The basic fact is that California seeks to use an iron fist where the President has consistently chosen kid gloves.

Id. at 539 U.S. at 421, 423-24, 427.

Like California in Garamendi, Illinois has taken a different tack from the one embodied in the federal policy. The federal policy gives the president flexibility to waive or suspend provisions if he deems it to be in the national interest; the Illinois Sudan Act does not. The national policy applies only to U.S. entities; the Illinois Sudan Act applies to foreign subsidiaries of U.S. entities. The president has flexibility to modify the nation's approach to Sudan, but the Illinois Sudan Act remains in effect unless Executive Order 13067 is repealed. The Act applies to every region of Sudan, while the national policy now carves out certain geographic areas. Though it may be a stretch to say that the Act uses an iron fist where the national Sudan policy uses kid gloves, it is not a stretch to say that the state has chosen a more heavy-handed approach than the national government. As discussed earlier, the Act provides no ability to maneuver. There is little doubt, therefore, that the federal government and the State of Illinois have taken different approaches to achieve the same goal -- ending human rights abuses in Sudan.

On the other hand, though both Zschernig and Garamendi presume a broad role of the national government in foreign affairs, they do not delineate with clarity what role, if any, the states retain. Nor do these cases clearly establish a test to apply to a state or local law to determine whether it interferes with the national government's foreign affairs powers. Though the cases place an emphasis on the ability of the president to speak for the nation with "one voice," Garamendi, 539 U.S. at 422, the inquiry quite obviously does not end there. For example, Zschernig and Garamendi would not appear to prohibit a state or local government from issuing a resolution condemning the actions of a foreign government, even if the national government had made no such declaration or did not support such a view. In such a case, although the United States would not be speaking with "one voice," the absence of actual hindrance to the national government's conduct of foreign policy would appear to preserve the state or local enactment.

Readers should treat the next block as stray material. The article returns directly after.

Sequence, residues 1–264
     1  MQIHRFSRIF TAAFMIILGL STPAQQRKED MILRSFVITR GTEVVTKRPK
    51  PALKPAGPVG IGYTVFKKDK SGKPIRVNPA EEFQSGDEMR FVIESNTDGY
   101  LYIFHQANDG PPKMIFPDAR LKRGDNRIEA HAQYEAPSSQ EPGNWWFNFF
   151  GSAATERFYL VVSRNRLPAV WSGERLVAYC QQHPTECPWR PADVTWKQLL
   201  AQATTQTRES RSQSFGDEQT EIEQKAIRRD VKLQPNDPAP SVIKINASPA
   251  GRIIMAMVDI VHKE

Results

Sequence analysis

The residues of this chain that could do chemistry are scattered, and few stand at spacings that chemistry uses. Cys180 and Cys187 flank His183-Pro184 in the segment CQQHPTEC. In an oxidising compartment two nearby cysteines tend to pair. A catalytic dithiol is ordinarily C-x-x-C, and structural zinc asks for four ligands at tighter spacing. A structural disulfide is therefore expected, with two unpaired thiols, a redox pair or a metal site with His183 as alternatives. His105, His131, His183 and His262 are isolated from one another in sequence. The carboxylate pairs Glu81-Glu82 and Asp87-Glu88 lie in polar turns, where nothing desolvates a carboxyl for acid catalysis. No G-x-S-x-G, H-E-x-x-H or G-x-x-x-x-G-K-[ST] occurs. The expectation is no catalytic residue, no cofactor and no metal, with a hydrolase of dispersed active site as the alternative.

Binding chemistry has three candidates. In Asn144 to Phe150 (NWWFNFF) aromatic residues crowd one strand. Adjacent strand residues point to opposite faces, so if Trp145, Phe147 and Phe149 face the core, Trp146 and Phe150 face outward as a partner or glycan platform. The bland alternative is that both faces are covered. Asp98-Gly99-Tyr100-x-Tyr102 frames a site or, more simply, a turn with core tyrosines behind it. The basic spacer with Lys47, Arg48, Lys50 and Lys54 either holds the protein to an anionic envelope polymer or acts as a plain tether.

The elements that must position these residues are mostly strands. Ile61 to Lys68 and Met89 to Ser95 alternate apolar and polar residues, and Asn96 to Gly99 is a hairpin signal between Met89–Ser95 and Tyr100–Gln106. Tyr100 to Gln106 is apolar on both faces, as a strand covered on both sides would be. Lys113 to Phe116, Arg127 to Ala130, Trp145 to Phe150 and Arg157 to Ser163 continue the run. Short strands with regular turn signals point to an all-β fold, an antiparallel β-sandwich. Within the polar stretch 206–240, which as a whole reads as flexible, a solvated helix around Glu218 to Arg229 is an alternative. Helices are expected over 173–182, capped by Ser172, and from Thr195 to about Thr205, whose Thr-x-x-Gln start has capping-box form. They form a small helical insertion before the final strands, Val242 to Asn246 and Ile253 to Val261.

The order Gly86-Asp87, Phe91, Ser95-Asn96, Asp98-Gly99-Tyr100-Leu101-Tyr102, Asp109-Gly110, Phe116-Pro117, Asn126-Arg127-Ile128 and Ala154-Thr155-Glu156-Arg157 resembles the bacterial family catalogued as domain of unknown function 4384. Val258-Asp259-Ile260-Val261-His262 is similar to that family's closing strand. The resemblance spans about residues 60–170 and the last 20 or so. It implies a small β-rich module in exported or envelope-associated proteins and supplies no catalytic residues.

Without some tangible effect or the risk of such an effect, it would be difficult to see how a state or local policy could interfere with the national government's conduct of foreign affairs. For example, it does not appear that state and local governments are prohibited from entering into "sister state" agreements or other bilateral agreements with sub-national foreign governments or foreign trade associations. See Natsios, 181 F.3d at 50. Rather, Zschernig and Garamendi are both concerned with the practical effect a state law might have on the national government's ability to conduct foreign policy on behalf of the United States. In Zschernig, the Courtfound that the Oregon law "may well adversely affect the power of the central government to deal with" international relations, Zschernig, 389 U.S. at 440-41, and in Garamendi, itfound that the California law meant that "the President has less to offer and less economic and diplomatic leverage . . . ." Garamendi, 539 U.S. at 424 (citation omitted).